House tour reflects ‘Roaring Twenties’ affluence and grandeur
Organizers of Westmoreland Historical Society’s annual historic house tour don’t plan the featured sites around a theme, but somehow, one usually seems to emerge.
“When we start asking the homeowners, very frequently one falls into place,” says Lisa Hays, the society’s executive director. “I don’t know how it happens.”
This year, all five tour locations date back to the early 20th century, having been built between 1907 and 1927.
“Those of us born in the 20th century think, ‘Can these really be historical houses?’” Hays says. “But when you think about it, they’re over 100 years old.”
“After WWI — the war to end all wars — there was a spirit of optimism and affluence that led to the Roaring Twenties. Some of the houses reflect that grandeur and exuberance,” Hays wrote in the tour release. “All display the work of the architects and craftsmen that were working at that time.”
They also reflect the personalities of the owners, both past and present.
“These older homes are so much more interesting (than their modern counterparts),” Hays says. “The current owners have kept so many of the original features.”
Set for 10 a.m.-4 p.m. Sept. 14, the self-guided tour includes five homes in various architectural styles in the vicinity of Greensburg and Latrobe.
Ennis Hall, former Henry Coulter House
The Tudor Revival-style structure on Mt. Thor Road in Hempfield dates to 1922-23 and was designed for Henry Welty Coulter, a secretary for the former Greensburg Coal and Coke Co. and a founder of the Westmoreland Hunt.
The 2½-story house was constructed of local stone with a slate roof. The original estate included stables for Coulter’s horses.
The Coulter family passed ownership of the property to the Sisters of Charity in 1944. Ennis Hall is now used for their housing. Its matching carriage house is now called Marian Hall.
Regina House, formerly called Skara Glen
The 26-room residence on Mt. Thor Road was commissioned by brother and sister William A. and Margaret Coulter and dates to 1927. It is built of brick and stone in the Tudor Gothic style and has a gabled roof with slate shingles.
The home’s interior features the lightly rounded arches, shallow moldings and extensive wood paneling characteristic of the period. A carriage house, servants’ residence, gatehouse, walled courtyard and gazebo completed the estate.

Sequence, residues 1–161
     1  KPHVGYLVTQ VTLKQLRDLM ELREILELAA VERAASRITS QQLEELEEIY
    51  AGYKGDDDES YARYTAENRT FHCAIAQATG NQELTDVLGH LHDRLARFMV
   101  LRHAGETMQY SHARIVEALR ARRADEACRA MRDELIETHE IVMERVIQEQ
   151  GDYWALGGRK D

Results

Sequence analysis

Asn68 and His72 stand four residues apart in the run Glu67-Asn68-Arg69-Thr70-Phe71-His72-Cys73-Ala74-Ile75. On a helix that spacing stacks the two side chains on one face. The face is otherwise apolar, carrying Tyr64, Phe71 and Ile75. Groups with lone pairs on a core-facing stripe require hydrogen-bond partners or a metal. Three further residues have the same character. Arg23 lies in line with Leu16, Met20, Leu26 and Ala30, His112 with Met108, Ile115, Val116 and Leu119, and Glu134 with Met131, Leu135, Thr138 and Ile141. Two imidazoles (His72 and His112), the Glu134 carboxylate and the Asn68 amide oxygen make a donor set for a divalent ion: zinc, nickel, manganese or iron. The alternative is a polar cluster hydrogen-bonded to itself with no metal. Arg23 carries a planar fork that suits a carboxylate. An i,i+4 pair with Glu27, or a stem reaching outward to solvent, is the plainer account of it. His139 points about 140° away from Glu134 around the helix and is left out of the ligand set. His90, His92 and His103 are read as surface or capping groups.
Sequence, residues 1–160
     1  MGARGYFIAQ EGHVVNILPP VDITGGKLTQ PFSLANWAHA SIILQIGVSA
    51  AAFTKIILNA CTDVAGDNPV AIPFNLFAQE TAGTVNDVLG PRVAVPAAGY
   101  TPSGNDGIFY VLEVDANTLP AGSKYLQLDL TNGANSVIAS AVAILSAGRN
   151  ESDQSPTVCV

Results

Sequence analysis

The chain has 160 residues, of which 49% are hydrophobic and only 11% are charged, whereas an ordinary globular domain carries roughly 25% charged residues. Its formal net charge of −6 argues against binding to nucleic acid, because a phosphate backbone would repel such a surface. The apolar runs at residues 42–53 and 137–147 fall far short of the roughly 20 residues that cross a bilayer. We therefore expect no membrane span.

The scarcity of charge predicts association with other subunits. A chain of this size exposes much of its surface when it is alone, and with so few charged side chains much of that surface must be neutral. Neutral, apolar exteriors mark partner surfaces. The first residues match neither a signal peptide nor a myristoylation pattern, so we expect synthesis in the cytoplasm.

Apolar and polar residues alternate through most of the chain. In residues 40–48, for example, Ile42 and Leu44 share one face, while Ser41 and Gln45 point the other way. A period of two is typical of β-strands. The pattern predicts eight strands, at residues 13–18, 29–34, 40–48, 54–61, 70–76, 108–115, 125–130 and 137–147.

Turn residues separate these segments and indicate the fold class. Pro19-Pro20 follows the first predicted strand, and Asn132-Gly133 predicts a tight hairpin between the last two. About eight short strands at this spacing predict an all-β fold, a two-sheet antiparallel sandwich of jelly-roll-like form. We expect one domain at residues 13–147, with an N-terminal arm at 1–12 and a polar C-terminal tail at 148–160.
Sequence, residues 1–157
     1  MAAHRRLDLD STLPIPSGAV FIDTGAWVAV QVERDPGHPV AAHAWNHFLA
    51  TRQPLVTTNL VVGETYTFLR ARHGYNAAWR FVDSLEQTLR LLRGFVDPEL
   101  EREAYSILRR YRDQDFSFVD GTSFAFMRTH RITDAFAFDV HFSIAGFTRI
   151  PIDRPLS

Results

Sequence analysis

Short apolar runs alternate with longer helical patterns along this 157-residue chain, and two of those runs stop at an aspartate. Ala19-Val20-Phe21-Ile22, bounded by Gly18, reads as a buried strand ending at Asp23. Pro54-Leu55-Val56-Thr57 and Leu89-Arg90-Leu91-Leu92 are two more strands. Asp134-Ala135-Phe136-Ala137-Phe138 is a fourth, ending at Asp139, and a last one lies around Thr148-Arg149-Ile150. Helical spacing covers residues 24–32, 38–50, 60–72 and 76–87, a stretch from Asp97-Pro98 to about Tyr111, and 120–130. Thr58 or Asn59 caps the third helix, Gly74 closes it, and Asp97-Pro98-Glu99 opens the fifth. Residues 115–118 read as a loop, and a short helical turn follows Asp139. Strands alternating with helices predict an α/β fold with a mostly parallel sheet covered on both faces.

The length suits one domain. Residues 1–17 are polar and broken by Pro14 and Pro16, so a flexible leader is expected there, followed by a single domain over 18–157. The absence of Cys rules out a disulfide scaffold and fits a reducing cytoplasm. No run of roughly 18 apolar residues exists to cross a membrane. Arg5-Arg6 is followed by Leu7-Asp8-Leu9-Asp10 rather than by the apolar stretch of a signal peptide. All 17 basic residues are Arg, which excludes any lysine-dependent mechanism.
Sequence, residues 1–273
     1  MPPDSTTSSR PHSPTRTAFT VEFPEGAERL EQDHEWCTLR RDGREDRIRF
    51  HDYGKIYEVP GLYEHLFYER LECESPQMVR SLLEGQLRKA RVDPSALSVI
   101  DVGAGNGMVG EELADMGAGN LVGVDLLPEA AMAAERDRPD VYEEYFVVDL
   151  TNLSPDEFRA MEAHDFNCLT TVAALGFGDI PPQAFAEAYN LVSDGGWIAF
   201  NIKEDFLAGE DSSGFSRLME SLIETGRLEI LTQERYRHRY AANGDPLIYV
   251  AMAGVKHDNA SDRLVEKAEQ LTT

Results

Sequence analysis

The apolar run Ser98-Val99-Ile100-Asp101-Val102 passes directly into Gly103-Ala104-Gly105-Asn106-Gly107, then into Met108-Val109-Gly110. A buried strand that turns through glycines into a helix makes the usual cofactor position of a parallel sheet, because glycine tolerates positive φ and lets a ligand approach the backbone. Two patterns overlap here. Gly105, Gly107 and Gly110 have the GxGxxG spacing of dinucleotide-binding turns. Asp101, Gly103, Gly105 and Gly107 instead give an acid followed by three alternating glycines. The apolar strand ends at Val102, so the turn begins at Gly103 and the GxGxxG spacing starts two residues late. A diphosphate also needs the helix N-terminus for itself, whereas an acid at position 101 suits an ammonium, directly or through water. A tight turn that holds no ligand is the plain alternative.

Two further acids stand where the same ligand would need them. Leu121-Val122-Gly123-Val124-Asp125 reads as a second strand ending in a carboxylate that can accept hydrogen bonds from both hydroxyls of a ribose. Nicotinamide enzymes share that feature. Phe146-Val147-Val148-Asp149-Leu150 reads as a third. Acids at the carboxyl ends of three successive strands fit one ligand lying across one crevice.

The circa-1912 foursquare brick house sits on an elevated corner lot in Greensburg’s Academy Hill historic district. It features architectural details of both the Colonial Revival and Craftsman styles.
Interior features include a herringbone-patterned wood floor in the foyer and plaster moldings.
The original owner sold the house in 1919 to Michael Manos, a Greek immigrant who founded a chain of theaters in Greensburg, Latrobe, Jeannette and West Virginia — one of which now houses Greensburg’s Palace Theatre.
George and Rose Seiler House
Businessman George Seiler built the red brick-clad home on Latrobe Crabtree Road in 1923 for his second wife, Rose Weis, and called it “Rosina.” Seiler was a president of Latrobe Ice and Provisional Co. and builder of Mozart Hall in downtown Latrobe.
The home on the banks of the Loyalhanna Creek features prominent dormers with Craftsman-style windows, three chimneys and a gable-roofed hood above the front door.
The present owners expanded the home in 2009, while preserving the character and integrity of the original design.
Mason Welty House
Industrialist and entrepreneur Mason Welty built the home on East Pittsburgh Street in Greensburg in 1907 from plans by local architectural firm Truxell & Kline. The brick house is characteristic of the then-popular Colonial Revival style.
Key design elements include a broad front porch with smooth columns, symmetric dormers, a sweeping staircase and large rooms and wide central halls on each floor. The substantial foundation is constructed of stone from Welty’s own quarry.
Advance tour tickets at $25 are available at 724-836-1800, ext. 210; by email at [email protected]; online at westmorelandhistory.org; or in the shop in the History Education Center at Historic Hanna’s Town, 809 Forbes Trail Road, Hempfield.
Ticket-holders will receive a map with directions to each location and a keepsake booklet with historical information and photos.
Shirley McMarlin is a Tribune-Review staff writer. You can contact Shirley at 724-836-5750, [email protected] or via Twitter .